Solving the Financial Gender Gap

When it comes to financial exclusion, women remain at the forefront of those impacted. Globally, figures show that more than 40% of all women still lack access to basic financial services, such as a bank account [1]. This means that around a billion people, primarily women, lack access to modern payment methods and essential financial products like insurance or pensions. As a result, many women remain reliant on their male counterparts, which puts them in a vulnerable position.

The Impact of the Financial Gender Gap

Without access to their own bank account, women are unable to start their own businesses, spend, and contribute to the economy effectively.

Currently, women control $20 trillion of consumer spending, with this sum expected to rise to $28 trillion over the next five years [1]. Similarly, women’s global earnings, now valued at $13 trillion, are predicted to rise to $18 trillion over the same period [1]. This means that women make up a growth market that is more than double that of India and China combined.


There are many causes for the financial gender gap, but the most common among these are lack of literacy, lack of formal identification, and lack of understanding of financial products and services. These challenges are even more pronounced in developing countries and among refugee women and girls. In areas such as sub-Saharan Africa, as few as 38% of women have their own bank account, meaning that the vast majority are unable to enjoy financial autonomy or to make use of their talents by setting up a business venture.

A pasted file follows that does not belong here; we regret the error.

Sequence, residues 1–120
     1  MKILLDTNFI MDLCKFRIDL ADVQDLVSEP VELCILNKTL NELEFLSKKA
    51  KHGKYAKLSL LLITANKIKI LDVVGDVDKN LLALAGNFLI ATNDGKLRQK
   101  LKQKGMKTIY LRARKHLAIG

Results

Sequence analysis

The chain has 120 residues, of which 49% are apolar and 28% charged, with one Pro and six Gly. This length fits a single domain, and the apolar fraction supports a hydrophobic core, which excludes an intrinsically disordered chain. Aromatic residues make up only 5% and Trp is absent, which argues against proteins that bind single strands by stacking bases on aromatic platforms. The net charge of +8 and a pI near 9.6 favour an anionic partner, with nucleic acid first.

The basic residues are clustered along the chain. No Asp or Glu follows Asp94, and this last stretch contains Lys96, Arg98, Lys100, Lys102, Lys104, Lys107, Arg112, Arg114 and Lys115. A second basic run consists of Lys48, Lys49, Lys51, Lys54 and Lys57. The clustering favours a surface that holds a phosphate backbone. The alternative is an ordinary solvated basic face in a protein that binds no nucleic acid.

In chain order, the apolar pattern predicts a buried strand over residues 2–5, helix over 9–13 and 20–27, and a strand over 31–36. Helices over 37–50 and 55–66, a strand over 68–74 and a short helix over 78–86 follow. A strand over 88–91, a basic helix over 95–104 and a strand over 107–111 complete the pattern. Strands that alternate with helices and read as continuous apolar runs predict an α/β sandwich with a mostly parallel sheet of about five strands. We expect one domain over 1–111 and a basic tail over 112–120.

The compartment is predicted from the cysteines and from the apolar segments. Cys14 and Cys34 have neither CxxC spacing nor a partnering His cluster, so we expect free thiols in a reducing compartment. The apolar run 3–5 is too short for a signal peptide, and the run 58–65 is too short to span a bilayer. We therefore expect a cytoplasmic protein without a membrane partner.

An Effective Solution

One effective solution is the biometric smart card. Biometric authentication provides a highly secure form of verification that can unlock access to goods and services without the need to remember or use a password, PIN, or signature.

This makes it a fantastic option for demographics who may not have high levels of literacy or education. This approach has already been used to great effect in India and Pakistan, where it has increased the number of women in possession of formal IDs and enabled them to open digital bank accounts. Meanwhile, in Mexico, biometric smart cards have allowed citizens to gain access to state benefits, thereby boosting financial inclusion for women too.

In our next post, we will discuss how biometrics can play an important role in achieving greater financial inclusion.